Printer Friendly

Student success with abstract art.

As a high-school art teacher who creates lessons to appeal to all skill levels and to all types of students, I have found that most students feel comfortable and confident producing abstract art.

An abstract art project can be challenging or not, depending on the objectives the teacher sets up. Most of my classes are an introductory high-school course for three-dimensional art, which is a required elective to graduate. Therefore, I teach gifted and talented students, regular education students, special-education students and severely handicapped or behavior-challenged students. An abstract sculpture is the perfect opportunity for all students to succeed.

As an introduction, I define abstract art and explain to students that many artists begin with a very complex subject and then break it down into shapes, colors, lines, etc. I give students some examples of famous artists who have created abstract sculpture to give them a reference point. Alexander Calder (1898-1976) is an artist the students enjoy learning about since he produced very playful sculptures, especially early in his career. Obus (1972), one of Calder's stabiles, is one I routinely show students because pieces of the sculpture intersect with one another. This is a primary component of the students' abstract sculpture assignment.

Isamu Noguchi (1904-1988) also sculpted abstract forms, often organic. I point out to students that Noguchi often copied forms from or was inspired by nature. This, in turn, serves as a resource for those students who have trouble coming up with ideas for their own abstract sculpture. Other artists ! mention include Henry Moore (1898-1986), especially Recumbent Figure, Jean Arp (1886-1996) and Jacques Lipchitz (1891-1973).

After students have some background and resources to pull from, we start discussing the objectives and steps of the assignment. The abstract sculpture is made using papier-mache. Before the students begin, I set a size requirement of 10 inches and a minimum number of three pieces to the sculpture.

The students first draw out a plan. Then they construct a cardboard armature using pieces of reinforced cardboard (I use the boxes our clay is shipped to us in). Students attach the pieces of cardboard together by cutting slits in some pieces so they easily slide onto other pieces. Using a hot-glue gun, students glue these seams to secure the connection.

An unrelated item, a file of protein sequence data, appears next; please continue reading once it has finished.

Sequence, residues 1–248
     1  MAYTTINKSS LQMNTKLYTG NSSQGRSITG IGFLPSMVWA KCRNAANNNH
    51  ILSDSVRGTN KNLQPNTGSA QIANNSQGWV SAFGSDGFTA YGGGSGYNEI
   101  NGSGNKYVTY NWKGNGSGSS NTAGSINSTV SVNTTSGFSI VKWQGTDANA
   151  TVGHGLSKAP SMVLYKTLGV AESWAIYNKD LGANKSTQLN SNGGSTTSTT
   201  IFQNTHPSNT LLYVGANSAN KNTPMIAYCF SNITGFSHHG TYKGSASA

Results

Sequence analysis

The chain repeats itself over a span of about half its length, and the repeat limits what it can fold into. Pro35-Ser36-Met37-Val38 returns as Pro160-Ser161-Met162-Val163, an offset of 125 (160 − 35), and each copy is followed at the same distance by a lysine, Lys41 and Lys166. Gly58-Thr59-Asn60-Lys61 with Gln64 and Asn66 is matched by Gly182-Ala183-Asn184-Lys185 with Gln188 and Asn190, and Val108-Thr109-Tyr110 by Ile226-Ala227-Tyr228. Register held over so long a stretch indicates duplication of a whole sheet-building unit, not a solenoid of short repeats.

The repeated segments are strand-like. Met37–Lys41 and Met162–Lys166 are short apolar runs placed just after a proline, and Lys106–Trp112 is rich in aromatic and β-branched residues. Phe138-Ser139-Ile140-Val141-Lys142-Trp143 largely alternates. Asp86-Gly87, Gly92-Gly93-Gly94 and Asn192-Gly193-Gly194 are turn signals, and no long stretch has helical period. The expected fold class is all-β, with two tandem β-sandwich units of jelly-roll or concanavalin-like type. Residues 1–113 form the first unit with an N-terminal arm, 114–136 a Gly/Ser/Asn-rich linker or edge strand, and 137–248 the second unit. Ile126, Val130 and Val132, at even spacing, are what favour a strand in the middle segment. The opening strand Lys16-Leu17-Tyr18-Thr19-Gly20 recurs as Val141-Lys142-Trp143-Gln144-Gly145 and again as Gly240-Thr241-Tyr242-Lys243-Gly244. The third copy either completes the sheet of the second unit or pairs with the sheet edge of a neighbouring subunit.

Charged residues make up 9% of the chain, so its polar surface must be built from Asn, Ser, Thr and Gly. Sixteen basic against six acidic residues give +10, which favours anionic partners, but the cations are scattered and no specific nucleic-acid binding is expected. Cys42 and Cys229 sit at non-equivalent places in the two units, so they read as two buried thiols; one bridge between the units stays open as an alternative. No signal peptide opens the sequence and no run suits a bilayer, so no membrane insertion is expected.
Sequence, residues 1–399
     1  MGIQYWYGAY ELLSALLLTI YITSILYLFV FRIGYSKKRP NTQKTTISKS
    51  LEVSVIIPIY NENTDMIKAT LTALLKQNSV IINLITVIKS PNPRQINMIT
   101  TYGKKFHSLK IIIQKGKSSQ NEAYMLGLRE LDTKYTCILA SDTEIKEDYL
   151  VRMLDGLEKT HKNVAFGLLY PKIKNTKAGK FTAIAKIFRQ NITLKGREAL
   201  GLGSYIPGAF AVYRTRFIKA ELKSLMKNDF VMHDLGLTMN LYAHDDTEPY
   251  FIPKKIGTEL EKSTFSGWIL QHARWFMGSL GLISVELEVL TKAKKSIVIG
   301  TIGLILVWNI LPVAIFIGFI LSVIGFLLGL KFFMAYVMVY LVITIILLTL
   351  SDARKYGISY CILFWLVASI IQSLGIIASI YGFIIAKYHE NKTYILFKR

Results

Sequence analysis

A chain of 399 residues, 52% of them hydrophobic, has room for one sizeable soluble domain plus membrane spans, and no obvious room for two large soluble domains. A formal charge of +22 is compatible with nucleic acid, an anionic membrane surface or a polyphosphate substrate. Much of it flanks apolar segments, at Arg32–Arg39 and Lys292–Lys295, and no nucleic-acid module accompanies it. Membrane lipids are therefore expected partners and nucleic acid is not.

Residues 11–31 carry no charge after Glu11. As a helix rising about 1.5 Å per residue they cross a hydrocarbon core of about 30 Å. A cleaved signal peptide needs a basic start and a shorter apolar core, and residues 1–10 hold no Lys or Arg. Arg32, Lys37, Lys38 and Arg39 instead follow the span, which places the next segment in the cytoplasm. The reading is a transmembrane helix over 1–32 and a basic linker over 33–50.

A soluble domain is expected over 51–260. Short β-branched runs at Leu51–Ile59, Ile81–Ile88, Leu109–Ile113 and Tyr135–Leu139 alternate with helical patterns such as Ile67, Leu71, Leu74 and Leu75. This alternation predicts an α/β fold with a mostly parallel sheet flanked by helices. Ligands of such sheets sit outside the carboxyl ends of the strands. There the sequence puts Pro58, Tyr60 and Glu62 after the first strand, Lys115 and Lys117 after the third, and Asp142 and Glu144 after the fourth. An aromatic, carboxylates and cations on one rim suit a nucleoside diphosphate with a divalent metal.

In addition, narrow strips of cardboard that support heavier pieces will probably need extra support themselves, otherwise they will collapse from the added weight of wet newspaper. I suggest using wooden craft sticks. Later, students can papier-mache over them.


Next, we papier-mache the cardboard armature using three layers of torn newspaper and glue paste. It is wise to apply only one layer of papier-mache during a class period or it won't dry flat and evenly. A blow dryer may also be used to expedite the process. Afterwards, students use gesso to cover the newsprint.

Following a lesson on color theory, I ask the students to paint each piece of their sculpture in an analogous color scheme. From experience, I have noticed that students create magnificent sculptures, but turn them into something much less with mismatching colors. Instead, I ask the students to choose neighboring colors on the color wheel and a pattern painted with other colors used in the sculpture for added interest. This allows the sculpture to have unity and harmony.

Some students have a hard time understanding why an analogous color scheme is better than a bunch of colors thrown together. I use the analogy of wearing an outfit with too many colors or patterns. This definitely helps the students to understand.


For students who have disabilities, the teacher can decrease the number of pieces required for the sculpture. For gifted and talented students, the teacher can increase the number of pieces for the project and ask the students to paint different values of each color they use.

Most of my beginning high-school students have experience using papier-mache in elementary or middle school, so they already feel comfortable and confident with this medium. This student comfort level allows the teacher to introduce new concepts such as abstract art, color theory, harmony and pattern. In all, the abstract papier-mache project is a success for all students, and is a versatile project easily manipulated to suit the classroom of any art teacher.



High-school students will ...

* understand abstract art.

* study the color wheel.

* mix and blend colors of paint.

* identify artists who have created abstract sculptures.

* understand the media and method of papier-mache.

* apply understanding of analogous colors to create unity.

* generate patterns and use them as points of interest.

* Paper and pencil
* Cardboard
* Craft knives
* Scissors
* Gesso
* Hot-glue gun
 and sticks
* Paintbrushes
* Acrylic paints

Kristine Hamidou is a high-school art teacher teaching sculpture and ceramics in Rowlett, Texas.
COPYRIGHT 2009 Publishers' Development Corporation
No portion of this article can be reproduced without the express written permission from the copyright holder.
Copyright 2009 Gale, Cengage Learning. All rights reserved.

 Reader Opinion




Article Details
Printer friendly Cite/link Email Feedback
Title Annotation:art education
Author:Hamidou, Kristine
Publication:Arts & Activities
Geographic Code:1USA
Date:May 1, 2009
Previous Article:Chihuly-inspired balloon sculptures.
Next Article:Out of the box.

Terms of use | Copyright © 2015 Farlex, Inc. | Feedback | For webmasters